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In the 2004 election cycle, websites, email and online fundraising assumed a growing prominence. In each of these areas, new high marks were established in both volume and audience-reach.
However, 2004 also saw the emergence of a powerful new set of web-based tools that I have come to call Distributed Campaigning. While these second-generation Internet tools could eventually prove even more valuable than on-line fundraising, they also have the potential to inflict serious damage to a campaign.
Web 2.0 is a term that gets thrown around a lot. It refers to many different aspects of new technology, although it isnít always clear which pieces of technology are and arenít Web 2.0. In fact, if you have a conversation with different technology advocates, youíll probably get competing definitions and applications.
Basically, Web 2.0 is the idea that the internet can be used to empower people, paired with new technology that allows for more rapid development and faster applications. It allows you to provide tools so that people can develop their own content and make their own connect
In most elections, incumbents have enormous advantages over challengers. Not only have they won election in the district before, and thus possess greater name ID, but they also have at their disposal all of the trappings of elected office: free mail to constituents, news coverage, patronage and increased fundraising ability.
Despite all of these advantages, though, woe to any elected official who is seen as losing touch with the district. This warning applies not only to Congressmen, who can go to Washington and seem
Of all the hurdles that first-time candidates and lesser known challengers face when running for office, none is as intimidating as being seriously under-funded. Money isn't everything when you run for office -- issues count, name recognition is a major bonus, volunteer manpower is important - but without the ability to raise a significant sum of money, it becomes very hard to get your message out and win your election.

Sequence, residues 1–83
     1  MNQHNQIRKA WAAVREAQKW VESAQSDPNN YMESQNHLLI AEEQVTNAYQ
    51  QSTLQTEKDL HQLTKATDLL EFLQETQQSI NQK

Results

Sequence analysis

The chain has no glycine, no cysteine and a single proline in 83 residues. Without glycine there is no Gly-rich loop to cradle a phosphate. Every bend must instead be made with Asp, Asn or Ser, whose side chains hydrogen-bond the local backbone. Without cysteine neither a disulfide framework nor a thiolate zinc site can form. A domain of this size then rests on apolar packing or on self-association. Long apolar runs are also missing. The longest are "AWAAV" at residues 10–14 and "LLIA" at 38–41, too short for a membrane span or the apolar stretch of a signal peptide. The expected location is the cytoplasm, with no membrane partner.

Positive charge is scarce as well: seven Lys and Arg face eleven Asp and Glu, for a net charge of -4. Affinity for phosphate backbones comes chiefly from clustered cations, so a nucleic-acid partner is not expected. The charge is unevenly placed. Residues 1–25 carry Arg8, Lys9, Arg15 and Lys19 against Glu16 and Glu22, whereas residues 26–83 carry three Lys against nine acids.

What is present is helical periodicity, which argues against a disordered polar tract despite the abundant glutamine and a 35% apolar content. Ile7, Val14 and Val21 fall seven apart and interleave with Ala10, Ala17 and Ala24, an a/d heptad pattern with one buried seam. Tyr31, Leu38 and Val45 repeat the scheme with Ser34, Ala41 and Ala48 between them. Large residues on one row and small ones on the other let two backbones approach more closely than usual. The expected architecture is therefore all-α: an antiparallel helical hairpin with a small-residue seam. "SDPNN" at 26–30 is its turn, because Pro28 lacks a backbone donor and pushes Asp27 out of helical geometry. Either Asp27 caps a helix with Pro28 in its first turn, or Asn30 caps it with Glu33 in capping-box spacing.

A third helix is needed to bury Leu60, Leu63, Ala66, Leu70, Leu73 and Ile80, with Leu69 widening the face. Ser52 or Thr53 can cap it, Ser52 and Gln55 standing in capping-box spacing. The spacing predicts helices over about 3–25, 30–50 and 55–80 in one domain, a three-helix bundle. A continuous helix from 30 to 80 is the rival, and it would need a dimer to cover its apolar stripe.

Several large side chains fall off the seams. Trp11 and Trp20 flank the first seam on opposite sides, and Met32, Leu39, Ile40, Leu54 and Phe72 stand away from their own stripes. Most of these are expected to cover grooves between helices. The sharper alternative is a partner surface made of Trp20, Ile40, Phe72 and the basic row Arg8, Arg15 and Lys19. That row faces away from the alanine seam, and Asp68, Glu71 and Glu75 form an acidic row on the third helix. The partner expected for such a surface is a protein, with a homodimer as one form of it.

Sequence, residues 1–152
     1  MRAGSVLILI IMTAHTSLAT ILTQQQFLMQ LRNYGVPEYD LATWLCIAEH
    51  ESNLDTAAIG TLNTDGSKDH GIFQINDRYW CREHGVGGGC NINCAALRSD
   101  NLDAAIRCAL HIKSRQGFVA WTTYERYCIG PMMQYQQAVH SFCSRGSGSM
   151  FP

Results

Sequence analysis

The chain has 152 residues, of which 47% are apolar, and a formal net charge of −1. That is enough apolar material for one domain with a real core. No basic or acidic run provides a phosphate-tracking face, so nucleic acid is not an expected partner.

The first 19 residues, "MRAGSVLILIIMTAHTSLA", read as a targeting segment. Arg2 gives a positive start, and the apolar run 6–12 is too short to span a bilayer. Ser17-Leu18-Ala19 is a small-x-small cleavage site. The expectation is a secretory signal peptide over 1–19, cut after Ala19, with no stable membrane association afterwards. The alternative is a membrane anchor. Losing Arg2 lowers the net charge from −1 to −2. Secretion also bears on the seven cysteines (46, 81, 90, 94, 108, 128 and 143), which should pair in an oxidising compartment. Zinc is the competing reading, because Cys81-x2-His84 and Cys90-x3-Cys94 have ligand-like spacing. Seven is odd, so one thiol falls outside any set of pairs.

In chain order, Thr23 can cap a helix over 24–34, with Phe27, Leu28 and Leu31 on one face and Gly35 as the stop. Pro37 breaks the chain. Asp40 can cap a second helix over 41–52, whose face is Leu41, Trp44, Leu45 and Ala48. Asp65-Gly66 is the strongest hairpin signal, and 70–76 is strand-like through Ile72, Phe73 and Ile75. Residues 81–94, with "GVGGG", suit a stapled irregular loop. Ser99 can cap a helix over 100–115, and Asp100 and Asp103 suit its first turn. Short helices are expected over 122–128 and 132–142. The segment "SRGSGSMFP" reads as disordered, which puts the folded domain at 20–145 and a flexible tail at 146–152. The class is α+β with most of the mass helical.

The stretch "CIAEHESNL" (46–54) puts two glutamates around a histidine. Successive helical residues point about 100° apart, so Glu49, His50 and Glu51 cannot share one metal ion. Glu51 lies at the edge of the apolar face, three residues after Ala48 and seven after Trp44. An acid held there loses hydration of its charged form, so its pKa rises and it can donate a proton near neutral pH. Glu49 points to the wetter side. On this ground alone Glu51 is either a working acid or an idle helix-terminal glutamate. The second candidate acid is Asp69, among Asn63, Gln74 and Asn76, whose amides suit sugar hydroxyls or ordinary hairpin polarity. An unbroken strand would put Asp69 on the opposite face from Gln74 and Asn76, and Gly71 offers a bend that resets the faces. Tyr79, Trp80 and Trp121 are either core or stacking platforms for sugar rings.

There are ways, however, that under-funded candidates can use to get their message out, to persuade voters and raise their profile. Much lik
While good campaign management software can make it easier to file FEC reports (see
A few simple checks will help keep you out of trouble and avoid the need to file amendments of FEC reports.
When it comes to national talk radio, conservatives are kingÖ
--Philadelphia Daily News, May 8, 2002*
Conservative political commentators are not just the majority on talk radio--they monopolize it. It's easy to rattle off a list of celebrity conservative radio commentators: Rush Limbaugh, Bill O'Reilly, G. Gordon Liddy, Neal Boortz, Mike Gallagher, Matt Drudge, Bob Dornan, Michael Reagan, Oliver North, Michael Medved, Bob Grant, Ken Hamblin, Pat Buchanan, Sean Hannity, Michael Savage--and the list goes on.
However, it is virtually impossible to name progre